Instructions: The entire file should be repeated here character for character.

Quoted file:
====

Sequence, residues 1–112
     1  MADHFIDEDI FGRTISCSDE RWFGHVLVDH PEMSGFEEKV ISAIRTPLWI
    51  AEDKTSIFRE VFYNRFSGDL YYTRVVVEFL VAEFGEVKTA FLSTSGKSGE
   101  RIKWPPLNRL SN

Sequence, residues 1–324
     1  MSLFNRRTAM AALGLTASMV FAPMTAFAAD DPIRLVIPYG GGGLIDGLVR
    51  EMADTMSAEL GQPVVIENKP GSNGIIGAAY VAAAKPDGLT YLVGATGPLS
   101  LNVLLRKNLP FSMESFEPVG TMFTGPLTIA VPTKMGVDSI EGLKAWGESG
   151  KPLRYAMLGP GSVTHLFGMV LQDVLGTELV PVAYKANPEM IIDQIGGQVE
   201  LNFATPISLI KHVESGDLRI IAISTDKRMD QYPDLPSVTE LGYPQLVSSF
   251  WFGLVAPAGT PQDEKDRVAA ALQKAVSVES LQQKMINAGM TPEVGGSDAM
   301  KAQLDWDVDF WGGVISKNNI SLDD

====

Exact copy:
Sequence, residues 1–112
     1  MADHFIDEDI FGRTISCSDE RWFGHVLVDH PEMSGFEEKV ISAIRTPLWI
    51  AEDKTSIFRE VFYNRFSGDL YYTRVVVEFL VAEFGEVKTA FLSTSGKSGE
   101  RIKWPPLNRL SN

Sequence, residues 1–324
     1  MSLFNRRTAM AALGLTASMV FAPMTAFAAD DPIRLVIPYG GGGLIDGLVR
    51  EMADTMSAEL GQPVVIENKP GSNGIIGAAY VAAAKPDGLT YLVGATGPLS
   101  LNVLLRKNLP FSMESFEPVG TMFTGPLTIA VPTKMGVDSI EGLKAWGESG
   151  KPLRYAMLGP GSVTHLFGMV LQDVLGTELV PVAYKANPEM IIDQIGGQVE
   201  LNFATPISLI KHVESGDLRI IAISTDKRMD QYPDLPSVTE LGYPQLVSSF
   251  WFGLVAPAGT PQDEKDRVAA ALQKAVSVES LQQKMINAGM TPEVGGSDAM
   301  KAQLDWDVDF WGGVISKNNI SLDD